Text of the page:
# ufw app list

If users are running any of the applications on a non-standard port, it is recommended to simply make /etc/ufw/applications.d/custom containing the needed data using the defaults as a guide.

Warning: If users modify any of the PKG provided rule sets, these will be overwritten the first time the ufw package is updated. This is why custom app definitions need to reside in a non-PKG file as recommended above!

Example, deluge with custom tcp ports that range from 20202-20205:

[Deluge-my]
title=Deluge
description=Deluge BitTorrent client
ports=20202:20205/tcp

Should you require to define both tcp and udp ports for the same application, simply separate them with a pipe as shown: this app opens tcp ports 10000-10002 and udp port 10003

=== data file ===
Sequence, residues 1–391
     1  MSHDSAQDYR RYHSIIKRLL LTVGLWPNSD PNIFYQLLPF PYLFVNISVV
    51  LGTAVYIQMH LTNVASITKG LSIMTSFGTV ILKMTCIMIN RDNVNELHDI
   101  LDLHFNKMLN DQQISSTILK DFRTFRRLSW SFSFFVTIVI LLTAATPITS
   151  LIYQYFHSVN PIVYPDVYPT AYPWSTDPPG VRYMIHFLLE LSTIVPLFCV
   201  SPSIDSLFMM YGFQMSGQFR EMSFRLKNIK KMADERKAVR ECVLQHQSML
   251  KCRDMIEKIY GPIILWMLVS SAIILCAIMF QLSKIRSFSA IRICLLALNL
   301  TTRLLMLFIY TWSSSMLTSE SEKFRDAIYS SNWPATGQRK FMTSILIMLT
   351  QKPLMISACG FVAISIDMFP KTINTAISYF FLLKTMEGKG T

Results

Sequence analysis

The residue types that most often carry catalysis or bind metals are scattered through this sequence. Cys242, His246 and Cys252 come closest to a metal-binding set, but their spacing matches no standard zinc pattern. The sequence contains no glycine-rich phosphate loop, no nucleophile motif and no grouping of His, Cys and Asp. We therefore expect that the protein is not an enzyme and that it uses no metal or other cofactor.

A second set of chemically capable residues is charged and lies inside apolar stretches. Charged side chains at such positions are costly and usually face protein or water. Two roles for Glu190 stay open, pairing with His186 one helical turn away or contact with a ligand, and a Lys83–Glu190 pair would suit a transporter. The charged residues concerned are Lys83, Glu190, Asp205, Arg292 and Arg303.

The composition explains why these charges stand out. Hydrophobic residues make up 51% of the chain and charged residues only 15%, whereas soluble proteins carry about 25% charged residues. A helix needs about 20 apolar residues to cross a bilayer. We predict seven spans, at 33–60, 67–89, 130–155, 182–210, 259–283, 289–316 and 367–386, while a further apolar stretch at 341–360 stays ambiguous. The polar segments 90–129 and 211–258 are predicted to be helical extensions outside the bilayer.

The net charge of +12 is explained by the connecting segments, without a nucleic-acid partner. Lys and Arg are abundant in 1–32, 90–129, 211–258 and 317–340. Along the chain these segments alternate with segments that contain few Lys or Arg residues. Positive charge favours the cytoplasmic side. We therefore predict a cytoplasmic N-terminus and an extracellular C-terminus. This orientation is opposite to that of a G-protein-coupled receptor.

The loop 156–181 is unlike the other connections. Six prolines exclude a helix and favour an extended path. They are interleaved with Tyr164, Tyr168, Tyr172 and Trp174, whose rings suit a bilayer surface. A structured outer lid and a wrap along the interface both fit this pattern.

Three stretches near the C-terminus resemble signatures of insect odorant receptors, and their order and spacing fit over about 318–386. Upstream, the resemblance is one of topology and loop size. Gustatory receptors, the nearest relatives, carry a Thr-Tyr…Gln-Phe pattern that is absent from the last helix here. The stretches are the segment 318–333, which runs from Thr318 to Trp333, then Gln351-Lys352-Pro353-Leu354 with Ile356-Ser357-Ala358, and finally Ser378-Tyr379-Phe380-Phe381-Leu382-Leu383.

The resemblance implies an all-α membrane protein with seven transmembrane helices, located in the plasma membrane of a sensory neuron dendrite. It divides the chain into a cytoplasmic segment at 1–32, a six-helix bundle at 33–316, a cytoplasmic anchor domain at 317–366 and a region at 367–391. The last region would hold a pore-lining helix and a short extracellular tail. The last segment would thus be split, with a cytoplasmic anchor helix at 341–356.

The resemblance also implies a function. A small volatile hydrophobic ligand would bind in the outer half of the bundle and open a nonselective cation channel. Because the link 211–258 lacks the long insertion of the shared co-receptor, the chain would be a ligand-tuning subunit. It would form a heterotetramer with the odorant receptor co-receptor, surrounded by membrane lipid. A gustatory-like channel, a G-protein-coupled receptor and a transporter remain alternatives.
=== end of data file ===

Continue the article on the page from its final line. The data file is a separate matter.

ports=10000:10002/tcp|10003/udp

One can also use a comma to define ports if a range is not desired. This example opens tcp ports 10000-10002 (inclusive) and udp ports 10003 and 10009

 ports=10000:10002/tcp|10003,10009/udp

Deleting Applications

Drawing on the Deluge/Deluge-my example above, the following will remove the standard Deluge rules and replace them with the Deluge-my rules from the above example:

# ufw delete allow Deluge
# ufw allow Deluge-my

Query the result via the status command:

 # ufw status
Status: active
To                         Action      From
--                         ------      ----
Anywhere                   ALLOW       192.168.0.0/24
SSH                        ALLOW       Anywhere
Deluge-my                  ALLOW       Anywhere